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Different Types of FPGAs

Bob O’Donnell: Different Types of FPGAs
Posted 02/26/2020 by Bob O’Donnell

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As discussed in the first part of this blog series, An FPGA Primer, FPGAs (field programmable gate arrays) are a flexible type of semiconductor chip architecture that incorporate the ability to be changed or updated once they have been designed into products or even put into the field (hence the name).

But, not all FPGAs are the same. Some FPGAs are designed for high-performance, data-intensive workloads in places like cloud data centers and can require as much as several hundred watts to operate. Others feature lightweight, low-power designs and can draw as little as one milliwatt (1/1000th of a watt). Still others sit somewhere in between and can run on just one watt of power across a wide array of applications. While they all share the same fundamental characteristic of reprogrammability, FPGAs are inherently flexible enough to be adapted into an enormous variety of different environments.

In cloud data centers, for example, Microsoft has been using high-power FPGAs to accelerate searches on its Bing search engine. In that application, the FPGAs work alongside CPUs to accelerate certain portions of the search algorithms that Microsoft has developed for Bing. The result has been not only a speed up in performance, but a big reduction in power consumption because of the efficiency of FPGAs versus CPUs or GPUs in performing some of those tasks.

Within the same types of servers hosting the high-power FPGAs (made by companies like Intel and Xilinx), you can also find tiny, low-power FPGAs (like those made by Lattice Semiconductor). These specialized, low-power versions are optimized to run a few specific functions within a device, like system control, power management, and/or ensuring system firmware is secure. While the job may not be as glamorous, these tiny FPGAs play a critical role in the functioning and security of both cloud and enterprise data centers.

Even more interesting are larger sized, but still low-power FPGAs that efficiently perform cutting edge applications like computer vision, or other types of AI inferencing. From consumer applications such as drones, home security cameras and wearables, to industrial applications including predictive maintenance, motor control and machine vision, modest-sized FPGAs are increasingly being tasked with doing unique tasks, such as running artificial intelligence-based software algorithms on low-power Edge computing devices.

For many years, FPGAs have also been playing a hugely important, though little-known role in telecommunications infrastructure equipment that powers cellular networks. Given the ongoing rollout of 5G networks and the enormous amount of attention they are receiving, awareness of network infrastructure, and FPGAs that help power it, is bound to rise. The flexibility, time-to-market benefits, programmability and parallel processing capabilities that FPGAs offer are particularly well-suited to the rapidly evolving world of 5G network deployments. Telecom carriers around the world are scrambling not only to install some the new type of infrastructure equipment that 5G millimeter wave services require and that FPGAs can power (such as small or “pico” cells), but also to update their existing infrastructure. Complicated new functions such as Dynamic Spectrum Sharing, Carrier Aggregation and more that can be used to help carriers update and modernize their existing 4G infrastructure to make them 5G compatible via software updates are only possible because of the flexibility of FPGAs.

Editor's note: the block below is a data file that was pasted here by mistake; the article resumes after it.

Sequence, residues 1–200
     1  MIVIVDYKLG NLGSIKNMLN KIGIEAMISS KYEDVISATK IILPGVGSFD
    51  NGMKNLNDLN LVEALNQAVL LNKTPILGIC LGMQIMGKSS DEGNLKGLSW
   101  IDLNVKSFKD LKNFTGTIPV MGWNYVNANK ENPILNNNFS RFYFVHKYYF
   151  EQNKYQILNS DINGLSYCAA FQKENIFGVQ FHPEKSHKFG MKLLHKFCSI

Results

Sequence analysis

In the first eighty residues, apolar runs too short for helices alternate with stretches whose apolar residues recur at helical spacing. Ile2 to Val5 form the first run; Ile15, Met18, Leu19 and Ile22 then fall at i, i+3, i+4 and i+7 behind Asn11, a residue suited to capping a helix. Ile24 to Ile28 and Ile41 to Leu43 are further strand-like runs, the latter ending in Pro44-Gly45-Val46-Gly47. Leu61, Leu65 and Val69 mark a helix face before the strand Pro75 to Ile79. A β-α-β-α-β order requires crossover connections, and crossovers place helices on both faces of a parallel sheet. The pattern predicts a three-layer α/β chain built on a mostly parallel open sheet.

But FPGAs aren’t only flexible because of their internal structure, they can also match well with certain hardwired capabilities, particularly connecting to a variety of different signal inputs, and the combination offers some intriguing opportunities. In the automotive market, for example, FPGAs are starting to take on new roles as a tool for “fusing” the feeds from multiple sensors, such as cameras, lidar and more—in addition to roles that they’ve played for things like car infotainment systems. This sensor fusion functionality, sometimes also called bridging, is an absolutely essential capability for assisted and autonomous driving features in connected cars. In addition, there are additional opportunities in electric cars for controlling and protecting certain aspects of the electric motors that power them.

Most all of these new functions demand smaller, lower-power chips that are able to function in a variety of different environments. Not all of them may be as well known as the higher-profile, higher power drawing FPGA applications in the enterprise, but collectively they represent a huge opportunity that’s ideally suited to the rapidly changing, highly connected world around us.

In the next blog, I’ll take a look at a key application for low power FPGAs: embedded vision.

Bob O’Donnell is the president and chief analyst of TECHnalysis Research, LLC a market research firm that provides strategic consulting and market research services to the technology industry and professional financial community. You can follow him on Twitter @bobodtech.